On November 30th, the US announced a joint program with Australia to continue developing air breathing hypersonic vehicles.
The Southern Cross Integrated Flight Research Experiment (SCIFiRE) is an Allied Prototyping Initiative (API) under the Directorate for Advanced Capabilities within the Office of the Under Secretary of Defense for Research and Engineering.
The US Department of the Air Force, under the direction of the Weapons Program Executive Officer, is responsible for the execution of the program.
“SCIFiRE is a true testament to the enduring friendship and strong partnership between the United States and Australia,” said Michael Kratsios, Acting Under Secretary of Defense for Research and Engineering. “This initiative will be essential to the future of hypersonic research and development, ensuring the U.S. and our allies lead the world in the advancement of this transformational warfighting capability.”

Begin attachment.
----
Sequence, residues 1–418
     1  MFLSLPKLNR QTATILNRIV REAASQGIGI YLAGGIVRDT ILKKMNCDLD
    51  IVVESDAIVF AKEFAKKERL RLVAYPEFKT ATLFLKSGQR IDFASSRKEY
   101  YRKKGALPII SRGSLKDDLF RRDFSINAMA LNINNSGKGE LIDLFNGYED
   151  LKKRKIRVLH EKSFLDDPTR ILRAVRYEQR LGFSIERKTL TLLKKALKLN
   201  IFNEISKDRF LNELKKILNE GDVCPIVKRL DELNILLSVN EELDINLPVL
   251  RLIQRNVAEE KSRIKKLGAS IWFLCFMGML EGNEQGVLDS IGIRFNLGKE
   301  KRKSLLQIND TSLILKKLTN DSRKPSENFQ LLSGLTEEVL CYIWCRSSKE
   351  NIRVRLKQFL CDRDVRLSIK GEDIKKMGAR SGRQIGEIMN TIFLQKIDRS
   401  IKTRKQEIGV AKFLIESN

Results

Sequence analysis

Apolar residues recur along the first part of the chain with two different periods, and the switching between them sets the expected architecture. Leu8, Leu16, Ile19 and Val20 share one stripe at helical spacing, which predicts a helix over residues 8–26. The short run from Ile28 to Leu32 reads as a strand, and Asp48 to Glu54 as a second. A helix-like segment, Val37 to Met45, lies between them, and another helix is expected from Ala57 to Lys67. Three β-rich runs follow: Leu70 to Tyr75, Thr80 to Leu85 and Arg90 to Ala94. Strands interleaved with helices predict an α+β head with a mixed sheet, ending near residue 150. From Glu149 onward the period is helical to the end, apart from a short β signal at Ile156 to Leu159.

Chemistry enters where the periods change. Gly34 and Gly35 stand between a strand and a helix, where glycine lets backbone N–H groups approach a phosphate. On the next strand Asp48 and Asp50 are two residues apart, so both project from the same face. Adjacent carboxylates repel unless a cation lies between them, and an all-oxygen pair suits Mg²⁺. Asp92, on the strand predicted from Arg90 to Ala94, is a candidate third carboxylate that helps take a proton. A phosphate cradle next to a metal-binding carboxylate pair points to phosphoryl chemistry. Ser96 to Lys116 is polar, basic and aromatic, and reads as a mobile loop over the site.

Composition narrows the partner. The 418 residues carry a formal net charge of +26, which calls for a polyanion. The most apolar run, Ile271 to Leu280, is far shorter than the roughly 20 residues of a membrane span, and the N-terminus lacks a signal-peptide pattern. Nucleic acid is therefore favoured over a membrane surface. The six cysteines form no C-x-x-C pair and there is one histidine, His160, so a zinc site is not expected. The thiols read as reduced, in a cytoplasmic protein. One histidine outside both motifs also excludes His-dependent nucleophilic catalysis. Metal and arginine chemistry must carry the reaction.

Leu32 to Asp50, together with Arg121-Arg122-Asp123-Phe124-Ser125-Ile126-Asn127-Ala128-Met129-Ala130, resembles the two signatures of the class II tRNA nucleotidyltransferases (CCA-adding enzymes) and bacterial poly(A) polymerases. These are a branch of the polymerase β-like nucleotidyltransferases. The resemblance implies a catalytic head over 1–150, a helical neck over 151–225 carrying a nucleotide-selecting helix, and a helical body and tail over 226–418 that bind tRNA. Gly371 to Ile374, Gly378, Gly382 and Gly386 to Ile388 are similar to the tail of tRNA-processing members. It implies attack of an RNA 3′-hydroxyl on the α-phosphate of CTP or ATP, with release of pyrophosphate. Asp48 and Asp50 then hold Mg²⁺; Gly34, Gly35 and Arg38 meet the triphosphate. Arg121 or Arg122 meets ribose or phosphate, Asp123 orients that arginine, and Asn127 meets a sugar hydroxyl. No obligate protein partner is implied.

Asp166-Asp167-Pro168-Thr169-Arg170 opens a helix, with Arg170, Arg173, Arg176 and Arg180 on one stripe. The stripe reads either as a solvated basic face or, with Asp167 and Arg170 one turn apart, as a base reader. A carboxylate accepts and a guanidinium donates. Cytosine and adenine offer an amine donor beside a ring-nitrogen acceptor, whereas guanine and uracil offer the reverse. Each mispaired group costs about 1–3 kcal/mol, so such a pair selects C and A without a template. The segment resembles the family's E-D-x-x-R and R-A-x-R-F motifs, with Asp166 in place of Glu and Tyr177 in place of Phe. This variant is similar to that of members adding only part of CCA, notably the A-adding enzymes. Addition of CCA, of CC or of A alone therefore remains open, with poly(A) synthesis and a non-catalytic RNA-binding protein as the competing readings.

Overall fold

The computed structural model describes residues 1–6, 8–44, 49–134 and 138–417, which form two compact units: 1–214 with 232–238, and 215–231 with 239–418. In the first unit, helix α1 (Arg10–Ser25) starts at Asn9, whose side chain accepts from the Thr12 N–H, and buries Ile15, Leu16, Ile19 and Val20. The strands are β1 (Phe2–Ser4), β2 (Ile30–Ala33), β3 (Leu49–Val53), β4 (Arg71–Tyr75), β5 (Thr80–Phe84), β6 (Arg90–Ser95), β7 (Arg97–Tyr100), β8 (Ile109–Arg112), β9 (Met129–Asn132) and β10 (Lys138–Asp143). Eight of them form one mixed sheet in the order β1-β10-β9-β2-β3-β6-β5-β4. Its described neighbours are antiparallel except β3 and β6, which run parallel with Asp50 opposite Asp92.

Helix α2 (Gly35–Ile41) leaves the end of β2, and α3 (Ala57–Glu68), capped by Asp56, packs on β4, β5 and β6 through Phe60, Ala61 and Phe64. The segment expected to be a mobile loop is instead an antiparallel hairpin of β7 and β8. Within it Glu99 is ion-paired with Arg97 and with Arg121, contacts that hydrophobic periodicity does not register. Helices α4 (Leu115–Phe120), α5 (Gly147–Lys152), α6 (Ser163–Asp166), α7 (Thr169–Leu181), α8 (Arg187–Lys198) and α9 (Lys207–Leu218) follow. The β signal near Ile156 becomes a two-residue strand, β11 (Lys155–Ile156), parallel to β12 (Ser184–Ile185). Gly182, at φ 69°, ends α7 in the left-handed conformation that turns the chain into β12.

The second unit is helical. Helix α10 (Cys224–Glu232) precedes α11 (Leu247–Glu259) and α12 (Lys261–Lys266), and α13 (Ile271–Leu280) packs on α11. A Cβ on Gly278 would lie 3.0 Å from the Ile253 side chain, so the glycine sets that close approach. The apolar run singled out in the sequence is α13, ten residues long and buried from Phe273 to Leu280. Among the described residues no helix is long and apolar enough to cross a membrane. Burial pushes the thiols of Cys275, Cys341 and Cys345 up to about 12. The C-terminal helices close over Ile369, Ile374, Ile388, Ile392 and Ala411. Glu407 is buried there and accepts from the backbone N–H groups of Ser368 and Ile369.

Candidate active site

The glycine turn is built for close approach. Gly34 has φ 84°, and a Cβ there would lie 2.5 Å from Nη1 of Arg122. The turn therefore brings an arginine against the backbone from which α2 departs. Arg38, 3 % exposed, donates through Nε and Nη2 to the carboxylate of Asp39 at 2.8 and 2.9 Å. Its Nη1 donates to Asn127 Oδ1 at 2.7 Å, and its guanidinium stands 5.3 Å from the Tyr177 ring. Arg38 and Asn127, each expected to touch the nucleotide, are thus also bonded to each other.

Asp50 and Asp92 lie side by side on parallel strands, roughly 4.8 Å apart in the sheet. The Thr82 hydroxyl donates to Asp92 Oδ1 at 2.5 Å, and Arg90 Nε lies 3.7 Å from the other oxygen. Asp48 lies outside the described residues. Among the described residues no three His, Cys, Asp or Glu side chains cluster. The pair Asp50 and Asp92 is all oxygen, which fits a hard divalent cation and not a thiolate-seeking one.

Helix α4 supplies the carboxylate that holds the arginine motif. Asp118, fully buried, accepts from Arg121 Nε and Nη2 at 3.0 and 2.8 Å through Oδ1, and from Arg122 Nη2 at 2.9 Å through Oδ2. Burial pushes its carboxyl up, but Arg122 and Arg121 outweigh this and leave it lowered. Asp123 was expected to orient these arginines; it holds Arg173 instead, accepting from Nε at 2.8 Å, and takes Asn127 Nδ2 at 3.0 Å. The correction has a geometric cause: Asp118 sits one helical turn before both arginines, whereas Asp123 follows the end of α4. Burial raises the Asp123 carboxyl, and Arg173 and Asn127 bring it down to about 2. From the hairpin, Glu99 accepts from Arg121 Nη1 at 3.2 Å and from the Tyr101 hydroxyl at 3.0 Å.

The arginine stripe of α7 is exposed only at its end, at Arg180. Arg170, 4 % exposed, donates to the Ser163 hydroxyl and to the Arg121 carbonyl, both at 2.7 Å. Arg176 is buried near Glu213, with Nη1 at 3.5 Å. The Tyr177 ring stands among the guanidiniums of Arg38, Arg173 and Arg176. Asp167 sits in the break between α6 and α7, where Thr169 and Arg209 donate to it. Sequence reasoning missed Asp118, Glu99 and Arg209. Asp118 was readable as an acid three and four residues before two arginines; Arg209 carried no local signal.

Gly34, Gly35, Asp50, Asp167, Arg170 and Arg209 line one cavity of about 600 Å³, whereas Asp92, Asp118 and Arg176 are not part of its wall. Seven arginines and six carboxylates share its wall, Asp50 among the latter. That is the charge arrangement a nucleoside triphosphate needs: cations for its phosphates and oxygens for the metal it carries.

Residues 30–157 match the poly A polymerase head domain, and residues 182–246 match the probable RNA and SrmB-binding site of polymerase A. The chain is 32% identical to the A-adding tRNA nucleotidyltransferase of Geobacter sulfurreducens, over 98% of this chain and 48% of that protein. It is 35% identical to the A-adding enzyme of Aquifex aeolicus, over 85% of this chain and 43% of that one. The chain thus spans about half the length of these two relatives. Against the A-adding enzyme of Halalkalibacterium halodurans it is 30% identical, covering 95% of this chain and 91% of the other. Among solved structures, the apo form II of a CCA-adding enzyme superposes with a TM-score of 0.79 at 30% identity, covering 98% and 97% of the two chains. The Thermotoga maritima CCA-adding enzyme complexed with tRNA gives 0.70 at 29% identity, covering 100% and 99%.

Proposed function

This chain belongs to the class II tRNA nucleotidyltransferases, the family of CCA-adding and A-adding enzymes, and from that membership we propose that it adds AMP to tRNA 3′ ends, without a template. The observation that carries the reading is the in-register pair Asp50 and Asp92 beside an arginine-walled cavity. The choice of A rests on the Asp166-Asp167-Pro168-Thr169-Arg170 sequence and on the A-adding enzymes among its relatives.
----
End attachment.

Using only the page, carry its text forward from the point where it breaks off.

The program aims to cooperatively advance air-breathing hypersonic technologies into full-size prototypes that are affordable and provide a flexible, long range capability, culminating in flight demonstrations in operationally relevant conditions.
The effort will also pursue potential co-production opportunities between the two countries, and leverages U.S. and Australian collaborative hypersonic activities over the last 15 years, namely the Hypersonic International Flight Research Experimentation (HIFiRE) program.